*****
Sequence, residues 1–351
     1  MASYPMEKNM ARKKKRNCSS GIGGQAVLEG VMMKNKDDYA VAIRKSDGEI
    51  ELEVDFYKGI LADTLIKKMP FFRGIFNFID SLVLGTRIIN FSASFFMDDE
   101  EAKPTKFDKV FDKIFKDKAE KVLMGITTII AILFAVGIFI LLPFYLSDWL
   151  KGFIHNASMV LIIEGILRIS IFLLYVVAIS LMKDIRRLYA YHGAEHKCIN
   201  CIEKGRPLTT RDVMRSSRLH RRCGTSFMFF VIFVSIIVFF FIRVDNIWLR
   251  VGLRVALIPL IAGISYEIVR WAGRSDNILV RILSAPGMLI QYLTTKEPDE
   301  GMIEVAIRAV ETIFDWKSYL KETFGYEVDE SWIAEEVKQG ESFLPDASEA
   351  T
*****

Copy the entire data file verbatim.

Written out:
Sequence, residues 1–351
     1  MASYPMEKNM ARKKKRNCSS GIGGQAVLEG VMMKNKDDYA VAIRKSDGEI
    51  ELEVDFYKGI LADTLIKKMP FFRGIFNFID SLVLGTRIIN FSASFFMDDE
   101  EAKPTKFDKV FDKIFKDKAE KVLMGITTII AILFAVGIFI LLPFYLSDWL
   151  KGFIHNASMV LIIEGILRIS IFLLYVVAIS LMKDIRRLYA YHGAEHKCIN
   201  CIEKGRPLTT RDVMRSSRLH RRCGTSFMFF VIFVSIIVFF FIRVDNIWLR
   251  VGLRVALIPL IAGISYEIVR WAGRSDNILV RILSAPGMLI QYLTTKEPDE
   301  GMIEVAIRAV ETIFDWKSYL KETFGYEVDE SWIAEEVKQG ESFLPDASEA
   351  T